HARTFORD, Conn. — In the past decade, most states have turned Medicaid over to private plans with hopes they could control costs and improve care. Nearly half of the 60 million people in the government program for the poor are now in the managed care plans run by insurance giants such as UnitedHealthcare and Aetna.
But Connecticut, the “insurance capital of the world,” is bucking the trend. On Jan. 1, Connecticut will jettison its private health plans from Medicaid, the state-federal health insurance program. Instead of paying the companies a set monthly fee to cover the health costs of more than 400,000 children and parents, the state will assume financial responsibility.
State officials say the firms, including Hartford-based Aetna, did not fulfill their promise of lower costs and better care. “Connecticut has a 15-year history with managed care organizations and there has been a diminishing confidence in the value of what they are providing,” said Mark Schaefer, the state’s Medicaid director. “Their measured performance is not impressive.”
Sounds reasonable. They gave it 15 years, privatization didn’t save money or improve care, so they’re going back to a version of the public plan.
But how did they manage to get this through in Connecticut? How did they cut off 800 million a year in contracts to private companies, after 15 years?
Maybe this had something to do with it:
While officials in other states struggled to balance their budgets in 2011, Governor Daniel Malloy and the Connecticut General Assembly closed a deficit of historic proportions one month early, agreeing on a mix of tax hikes and union concessions. That topped a list of unmatched legislative accomplishments: Connecticut passed in-state tuition for illegal immigrants, a transgender-rights bill, a major genetic research initiative, a bipartisan job-growth package, and the nation’s first paid sick-leave mandate.
In a year of reactionary politics and partisan gridlock nationwide, what made Connecticut so different? One-party control over both the governor’s office and the legislature for the first time in 21 years played a role. But the secret behind the Democrats’ success was sweeping campaign-finance reform enacted six years earlier. Reeling from the embarrassment of a corruption scandal that landed a governor in federal prison, Connecticut legislators grabbed the national spotlight in 2005 by stopping the flow of millions of special-interest dollars, banning lobbyist contributions, and instituting a public-financing system that record-setting numbers of candidates have embraced.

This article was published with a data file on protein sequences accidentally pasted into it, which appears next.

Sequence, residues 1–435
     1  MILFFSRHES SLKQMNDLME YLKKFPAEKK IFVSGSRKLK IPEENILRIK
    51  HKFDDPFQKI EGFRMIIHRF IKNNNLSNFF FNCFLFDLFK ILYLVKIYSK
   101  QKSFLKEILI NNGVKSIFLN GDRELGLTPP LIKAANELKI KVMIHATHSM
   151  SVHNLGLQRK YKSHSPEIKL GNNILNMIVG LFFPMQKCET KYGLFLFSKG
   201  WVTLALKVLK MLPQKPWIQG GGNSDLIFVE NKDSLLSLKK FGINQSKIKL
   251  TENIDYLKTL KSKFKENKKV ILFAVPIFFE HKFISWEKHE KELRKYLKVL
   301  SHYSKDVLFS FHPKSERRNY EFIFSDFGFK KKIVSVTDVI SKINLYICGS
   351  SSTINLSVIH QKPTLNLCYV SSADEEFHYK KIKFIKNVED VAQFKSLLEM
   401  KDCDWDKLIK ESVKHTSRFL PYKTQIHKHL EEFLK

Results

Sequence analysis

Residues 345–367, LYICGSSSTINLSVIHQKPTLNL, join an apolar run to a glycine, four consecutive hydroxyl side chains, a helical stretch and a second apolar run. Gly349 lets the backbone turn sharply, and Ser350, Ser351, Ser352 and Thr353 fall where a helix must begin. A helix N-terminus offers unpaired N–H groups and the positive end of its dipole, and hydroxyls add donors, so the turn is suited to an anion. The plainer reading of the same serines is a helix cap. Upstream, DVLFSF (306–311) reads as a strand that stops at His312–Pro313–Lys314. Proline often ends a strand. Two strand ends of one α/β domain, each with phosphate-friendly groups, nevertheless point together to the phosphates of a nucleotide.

Denise W. Merrill, a longtime legislator who’s now secretary of the state, saw a dramatic change among lawmakers. Suddenly, she says, “these guys didn’t even know they were supposed to check with the lobbyists.”
As the lobbyists’ clout diminished, grassroots mobilizing began to pay off. “Campaign-finance reform improved the situation for organizations that know how to research the issues and excel at grassroots organizing,” says Jon Green, director of the Working Families Party. “That kind of constituent contact has started to outweigh the pressure of lobbyists. You still have to go out there and do the work, but public opinion is starting to matter more.”
Candidates seeking public dollars would first have to raise a minimum level of funds, all in small amounts, from individual donors. A state senate candidate, for example, could receive $85,000 in state funds for the general election after first raising $15,000 from private donors—none of whom could contribute more than $100.
The level of state funding is where Connecticut has distinguished itself from other states that offer public financing. Its grants for legislative candidates are up to six times larger than those provided by Maine and nearly 20 times greater than those offered by Arizona. Unlike those states, whose initial attempts at public financing drew between 25 percent and 35 percent participation rates by legislative candidates, nearly 75 percent of the candidates participated in Connecticut in both 2008 and 2010.
“The state has made enormous progress, transforming from ‘Corrupticut,’ an example of rampant wrongdoing after years of scandal, into a model for campaign financing and the future of democracy,” says Beth Rotman, who directed Connecticut’s Clean Election Program from its inception through January 2011.
The American Prospect article is absolutely glowing and sounds almost too good to be true, but, boy, if it’s at all accurate, I want this in my state.
Too, I’m wondering if people who live in Connecticut notice any difference in the duration or tone of campaigns now that 75% of state candidates rely on public funding. Are campaigns shorter under the new rules? Fewer ads blanketing tv and radio? Less stupid, dishonest and destructive?